Alternative to WordPress Comments
Make comments simple and sociable.
About 3 months ago, I started AnyComment: a non-commercial commenting plugin for WordPress.
I tried to bring the best from commenting plugins and services I used for the past 7–8 years into one. Almost every single of them had some kind of limitation, which staid non-implemented or unfixed for years. Lack of notifications, email subscription, spam protection, SEO indexing, slowness, poor support, etc. This list could go on and on.
So I thought why not making one myself? I have technical skills for it and so I started.
The ideology behind AnyComment is that the owner owns and rules the data, not the third-party which may change their “marketing strategy” against their customers.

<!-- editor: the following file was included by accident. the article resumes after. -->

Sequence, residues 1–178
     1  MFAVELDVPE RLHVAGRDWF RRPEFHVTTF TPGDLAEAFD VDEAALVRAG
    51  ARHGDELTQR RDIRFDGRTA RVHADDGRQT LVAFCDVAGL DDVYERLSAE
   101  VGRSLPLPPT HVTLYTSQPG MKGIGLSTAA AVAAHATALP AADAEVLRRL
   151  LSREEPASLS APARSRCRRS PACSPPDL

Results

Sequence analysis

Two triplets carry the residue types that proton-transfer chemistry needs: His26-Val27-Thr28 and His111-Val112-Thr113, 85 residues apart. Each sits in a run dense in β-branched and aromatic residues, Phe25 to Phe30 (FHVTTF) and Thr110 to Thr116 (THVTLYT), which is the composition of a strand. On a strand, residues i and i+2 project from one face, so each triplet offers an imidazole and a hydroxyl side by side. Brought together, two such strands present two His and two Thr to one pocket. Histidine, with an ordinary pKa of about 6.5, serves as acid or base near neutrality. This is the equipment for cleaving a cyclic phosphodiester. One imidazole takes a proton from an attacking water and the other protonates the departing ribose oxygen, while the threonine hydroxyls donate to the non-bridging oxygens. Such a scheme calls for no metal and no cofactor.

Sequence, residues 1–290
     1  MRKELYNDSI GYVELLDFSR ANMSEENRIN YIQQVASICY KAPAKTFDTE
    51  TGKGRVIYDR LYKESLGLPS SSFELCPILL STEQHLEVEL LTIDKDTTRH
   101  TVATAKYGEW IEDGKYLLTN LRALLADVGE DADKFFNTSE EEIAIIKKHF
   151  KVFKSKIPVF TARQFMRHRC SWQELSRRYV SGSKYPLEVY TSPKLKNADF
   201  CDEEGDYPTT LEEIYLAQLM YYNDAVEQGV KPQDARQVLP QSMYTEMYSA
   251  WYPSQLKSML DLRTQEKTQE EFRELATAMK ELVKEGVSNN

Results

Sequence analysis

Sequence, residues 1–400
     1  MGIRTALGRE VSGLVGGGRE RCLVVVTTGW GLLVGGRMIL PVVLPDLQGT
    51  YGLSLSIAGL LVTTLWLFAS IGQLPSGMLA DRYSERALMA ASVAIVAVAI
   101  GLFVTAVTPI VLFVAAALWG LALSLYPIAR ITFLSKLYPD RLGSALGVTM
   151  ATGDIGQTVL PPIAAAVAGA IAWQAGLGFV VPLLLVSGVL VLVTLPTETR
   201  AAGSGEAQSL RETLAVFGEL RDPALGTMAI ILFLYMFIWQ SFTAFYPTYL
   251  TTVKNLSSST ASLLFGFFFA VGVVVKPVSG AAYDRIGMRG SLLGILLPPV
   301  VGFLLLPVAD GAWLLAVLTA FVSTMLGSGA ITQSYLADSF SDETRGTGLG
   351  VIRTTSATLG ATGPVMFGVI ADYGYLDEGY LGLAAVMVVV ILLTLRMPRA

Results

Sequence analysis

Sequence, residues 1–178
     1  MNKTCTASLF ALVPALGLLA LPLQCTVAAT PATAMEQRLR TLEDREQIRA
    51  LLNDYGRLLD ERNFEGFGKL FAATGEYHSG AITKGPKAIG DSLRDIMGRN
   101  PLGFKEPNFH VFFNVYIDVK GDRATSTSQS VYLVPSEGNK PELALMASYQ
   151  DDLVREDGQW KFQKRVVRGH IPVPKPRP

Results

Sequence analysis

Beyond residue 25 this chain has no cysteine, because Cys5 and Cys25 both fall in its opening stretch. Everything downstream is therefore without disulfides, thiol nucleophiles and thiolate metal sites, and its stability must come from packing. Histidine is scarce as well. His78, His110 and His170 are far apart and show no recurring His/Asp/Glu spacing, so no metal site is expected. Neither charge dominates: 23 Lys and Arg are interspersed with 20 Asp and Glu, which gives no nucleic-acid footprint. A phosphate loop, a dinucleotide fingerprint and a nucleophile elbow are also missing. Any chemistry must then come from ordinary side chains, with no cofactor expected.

I really hope that the data we share with the third-party is secured and never shared or sold to other parties for advertising or what so ever purposes. This is not a blame claim, but mostly a hope.
I understand it is business and users who just start blogging, might think that a little bit of enhanced version of comments is beneficial. I am pretty sure that experienced users would have different opinion about this.
In AnyComment all comments stored in your own database, plugin reuses already what WordPress has given. It means after you add new comment, it will show in “Comments” page in the admin panel, where you can any action (edit, delete, etc) as you would normally do.
If you change your mind at any time, you may deactivate the plugin and comments will stay as they are without any problem.
On the user side, you can add comment which will be added without a page reload. Did not like what you posted? Sure, just click “Edit”, do changes and save it. The comment will be refreshed immediately. Still don’t like it? Use the “Delete” link under the comment.